Scripture, stating: “[D]o not abort a fetus or kill a child that is born.” Loeb Edition of the Apostolic Fathers (also translated as, “Thou shalt not murder a child by abortion nor kill that which is begotten.”). A Plea for Christians, written around AD 177 by Athenagoras, stated, “[W]e say that those women who use drugs to bring on abortion commit murder, and will have to give an account to God for the abortion.” Tertullian, in his Apologeticum, written in 197 AD, wrote: “Murder being once for all forbidden, we [Christians] may not destroy even the fetus in the womb, . . .”
Hence it is my sincerely held religious belief that abortion is murder, a
violation of one of the Ten Commandments (“You shall not murder.” Exodus 20:13), and, for that reason, it would violate my sincerely held religious beliefs to cooperate with or be complicit in abortion in any way.
The COVID-19 vaccines were developed or tested using cell lines that were
generated or derived from tissues of aborted fetuses. J&J used an aborted fetal cell
line in manufacturing its COVID-19 vaccine, while Moderna and Pfizer used aborted fetal cell lines in testing the efficacy of their vaccines. See James Lawler, MD, You asked, we answered: Do the COVID-19 vaccines contain aborted fetal cells” Louisiana Department of Health, December 21, 2020, https://ldh.la.gov/assets/oph/CenterPHCH/Center-PH/immunizations/You_Have_Qs_COVID-19_Vaccine_FAQ.pdf.
So, it is my sincerely held religious belief that, in being vaccinated with any of
the currently available COVID-19 vaccines, I would be cooperating with and complicit in abortion – the ending of an innocent human life – and that such would constitute a sin against God and a violation of His Commandments, for which I would be held morally accountable by God.
For that reason, I am requesting a religious accommodation, under Title VII
and any similar [state where employer located] state law(s), that will excuse me from having to receive a COVID-19 vaccine, and further request that no adverse
employment action be taken against me on account of my religious beliefs.
Thank you for your anticipated consideration.
Title VII’s protections also extend nonreligious beliefs if they are related to morality, ultimate ideas about life, purpose, and death. See EEOC, Questions and Answers: Religious Discrimination in the Workplace (June 7, 2008), (“Title VII’s protections also extend to those who are discriminated against or need accommodation because they profess no religious beliefs”).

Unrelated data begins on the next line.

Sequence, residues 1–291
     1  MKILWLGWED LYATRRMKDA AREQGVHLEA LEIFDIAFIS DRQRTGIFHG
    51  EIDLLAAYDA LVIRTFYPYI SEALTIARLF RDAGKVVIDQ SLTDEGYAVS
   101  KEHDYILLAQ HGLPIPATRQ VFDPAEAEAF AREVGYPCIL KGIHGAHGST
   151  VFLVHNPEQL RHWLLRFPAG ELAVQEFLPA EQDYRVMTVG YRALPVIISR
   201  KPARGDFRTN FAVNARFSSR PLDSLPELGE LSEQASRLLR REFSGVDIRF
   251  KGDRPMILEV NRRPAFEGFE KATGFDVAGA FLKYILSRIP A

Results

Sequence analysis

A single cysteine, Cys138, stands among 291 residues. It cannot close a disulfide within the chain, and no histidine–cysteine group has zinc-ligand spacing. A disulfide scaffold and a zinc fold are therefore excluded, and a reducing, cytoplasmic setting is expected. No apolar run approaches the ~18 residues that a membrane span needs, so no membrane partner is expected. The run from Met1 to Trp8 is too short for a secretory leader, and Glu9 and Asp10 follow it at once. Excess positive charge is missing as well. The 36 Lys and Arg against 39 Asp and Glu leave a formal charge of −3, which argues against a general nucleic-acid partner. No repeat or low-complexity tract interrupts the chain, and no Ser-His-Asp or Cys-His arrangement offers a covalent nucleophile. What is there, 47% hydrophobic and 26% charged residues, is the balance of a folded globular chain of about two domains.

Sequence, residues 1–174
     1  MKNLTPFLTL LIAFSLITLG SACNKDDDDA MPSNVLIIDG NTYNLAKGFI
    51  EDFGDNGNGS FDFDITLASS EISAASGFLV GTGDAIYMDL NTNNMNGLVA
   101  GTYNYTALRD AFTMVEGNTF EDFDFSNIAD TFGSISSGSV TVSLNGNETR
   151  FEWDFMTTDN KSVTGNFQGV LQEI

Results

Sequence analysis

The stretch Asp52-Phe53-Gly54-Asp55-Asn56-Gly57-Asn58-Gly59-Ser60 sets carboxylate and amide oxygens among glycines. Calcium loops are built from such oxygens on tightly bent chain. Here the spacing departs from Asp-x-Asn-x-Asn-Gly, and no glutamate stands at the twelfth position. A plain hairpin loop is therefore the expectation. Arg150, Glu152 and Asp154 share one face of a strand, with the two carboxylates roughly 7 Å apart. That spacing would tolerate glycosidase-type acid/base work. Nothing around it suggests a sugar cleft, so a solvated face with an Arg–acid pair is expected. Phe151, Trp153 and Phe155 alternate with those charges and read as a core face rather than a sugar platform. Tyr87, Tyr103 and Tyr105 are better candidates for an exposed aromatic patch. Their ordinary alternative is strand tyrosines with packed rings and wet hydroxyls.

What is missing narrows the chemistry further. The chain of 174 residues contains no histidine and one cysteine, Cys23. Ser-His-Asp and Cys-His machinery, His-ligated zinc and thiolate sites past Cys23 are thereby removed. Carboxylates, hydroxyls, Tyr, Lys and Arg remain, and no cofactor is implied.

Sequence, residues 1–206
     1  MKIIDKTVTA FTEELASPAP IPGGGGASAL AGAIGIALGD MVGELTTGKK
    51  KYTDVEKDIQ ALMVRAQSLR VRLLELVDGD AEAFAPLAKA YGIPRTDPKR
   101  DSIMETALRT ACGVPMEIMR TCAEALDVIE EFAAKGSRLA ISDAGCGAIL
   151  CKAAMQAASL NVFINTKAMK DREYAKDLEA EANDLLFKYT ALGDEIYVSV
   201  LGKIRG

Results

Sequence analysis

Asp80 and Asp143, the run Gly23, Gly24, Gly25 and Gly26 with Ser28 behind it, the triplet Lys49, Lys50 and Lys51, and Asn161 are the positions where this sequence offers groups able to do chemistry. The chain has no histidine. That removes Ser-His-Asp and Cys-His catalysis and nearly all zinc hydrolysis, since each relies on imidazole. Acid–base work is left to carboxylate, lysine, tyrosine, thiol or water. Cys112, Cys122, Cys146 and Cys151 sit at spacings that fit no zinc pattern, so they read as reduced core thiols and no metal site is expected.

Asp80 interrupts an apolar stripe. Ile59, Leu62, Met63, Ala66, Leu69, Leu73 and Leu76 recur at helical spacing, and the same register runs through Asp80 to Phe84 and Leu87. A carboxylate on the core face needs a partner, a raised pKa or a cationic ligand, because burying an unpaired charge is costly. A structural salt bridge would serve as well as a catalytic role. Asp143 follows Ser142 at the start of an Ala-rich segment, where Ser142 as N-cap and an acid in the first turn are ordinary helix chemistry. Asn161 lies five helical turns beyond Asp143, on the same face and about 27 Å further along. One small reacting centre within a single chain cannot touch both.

First and foremost, there is no such thing as a religious exemption "request". It is the LAW! "They have to accommodate your religious or moral beliefs." They are attempting to get your statement in writing to get you to contradict yourself at a later date as evidence that these aren't sincerely held religious beliefs.
Some people have shared extra hurdles employers are putting on people to exercise their religious rights. Below are just a few possible question or requirements you might run across, followed by simple responses.
It's very important to understand, it has been established in court religious exemption extends to matters of spiritual or personal conscience. It is the employer's burden to provide you with religious accommodation, not yours to prove your beliefs.
Supreme Court in Fowler v. Rhode Island, 345 U.S 67 (1953) ‘[I]t is no business of courts to say . . . what is a religious practice or activity.’
Recent US District Court in NY injunction decision...
Under Title VII, “[t]he term ‘religion’ includes all aspects of religious observance and practice, as well as belief, unless an employer demonstrates that he is unable to reasonably accommodate [ ] an employee’s . . . religious observance or practice without undue hardship on the . . . employer’s business.” § 2000e(j)
This protection for religious belief means that “[a]n employer may not take an adverse employment action against an applicant or employee because of any aspect of that individual’s religious observance or practice unless the employer demonstrates that it is unable to reasonably accommodate that Case 1:21-cv-01009-DNH-ML Document 22 Filed 10/12/21 Page 12 of 27 - 13 - observance or practice without undue hardship.” Equal Emp. Opportunity Comm’n v. Abercrombie & Fitch Stores, Inc., 575 U.S. 768, 776 (2015) (Alito, J., concurring). Importantly, however, “Title VII does not demand mere neutrality with regard to religious practices . . . . [r]ather, it gives them favored treatment.” Id. at 775 (majority opinion). Thus, under certain circumstances, Title VII “requires otherwise-neutral policies to give way to the need for an accommodation.” Id.
The Supreme Court has recognized that “[t]he loss of First Amendment freedoms, for even minimal periods of time, unquestionably constitutes irreparable injury.” Pls.’ Mem. at 19 (quoting Elrod v. Burns, 427 U.S. 347, 373 (1976) (plurality opinion)Under Title VII, “[t]he term ‘religion’ includes all aspects of religious observance and practice, as well as belief, unless an employer demonstrates that he is unable to reasonably accommodate [ ] an employee’s . . . religious observance or practice without undue hardship on the . . . employer’s business.” § 2000e(j)
Why can the “reasonable accommodation” that is extended to a medically exempt healthcare worker under § 2.61 not similarly being extended to a healthcare worker with a sincere religious objection?
Why have you chosen to depart from previous existing religious accommodation practices for this vaccine and similar vaccination mandates?